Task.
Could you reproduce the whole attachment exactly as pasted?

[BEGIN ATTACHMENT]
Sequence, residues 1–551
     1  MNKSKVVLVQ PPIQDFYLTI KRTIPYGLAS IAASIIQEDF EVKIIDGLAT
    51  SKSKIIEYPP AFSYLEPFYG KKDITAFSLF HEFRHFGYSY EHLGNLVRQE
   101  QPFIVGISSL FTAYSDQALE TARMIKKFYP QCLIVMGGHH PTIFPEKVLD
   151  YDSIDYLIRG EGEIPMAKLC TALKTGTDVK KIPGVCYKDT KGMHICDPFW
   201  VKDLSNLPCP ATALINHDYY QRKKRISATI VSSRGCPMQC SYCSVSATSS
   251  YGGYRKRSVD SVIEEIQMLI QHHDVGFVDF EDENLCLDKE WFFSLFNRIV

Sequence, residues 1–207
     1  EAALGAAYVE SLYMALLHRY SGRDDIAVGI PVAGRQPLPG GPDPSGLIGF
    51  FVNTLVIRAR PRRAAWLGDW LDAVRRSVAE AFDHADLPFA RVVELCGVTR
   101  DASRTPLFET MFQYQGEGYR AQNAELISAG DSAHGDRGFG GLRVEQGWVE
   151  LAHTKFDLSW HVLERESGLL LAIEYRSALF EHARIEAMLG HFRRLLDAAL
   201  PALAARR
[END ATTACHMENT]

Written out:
Sequence, residues 1–551
     1  MNKSKVVLVQ PPIQDFYLTI KRTIPYGLAS IAASIIQEDF EVKIIDGLAT
    51  SKSKIIEYPP AFSYLEPFYG KKDITAFSLF HEFRHFGYSY EHLGNLVRQE
   101  QPFIVGISSL FTAYSDQALE TARMIKKFYP QCLIVMGGHH PTIFPEKVLD
   151  YDSIDYLIRG EGEIPMAKLC TALKTGTDVK KIPGVCYKDT KGMHICDPFW
   201  VKDLSNLPCP ATALINHDYY QRKKRISATI VSSRGCPMQC SYCSVSATSS
   251  YGGYRKRSVD SVIEEIQMLI QHHDVGFVDF EDENLCLDKE WFFSLFNRIV

Sequence, residues 1–207
     1  EAALGAAYVE SLYMALLHRY SGRDDIAVGI PVAGRQPLPG GPDPSGLIGF
    51  FVNTLVIRAR PRRAAWLGDW LDAVRRSVAE AFDHADLPFA RVVELCGVTR
   101  DASRTPLFET MFQYQGEGYR AQNAELISAG DSAHGDRGFG GLRVEQGWVE
   151  LAHTKFDLSW HVLERESGLL LAIEYRSALF EHARIEAMLG HFRRLLDAAL
   201  PALAARR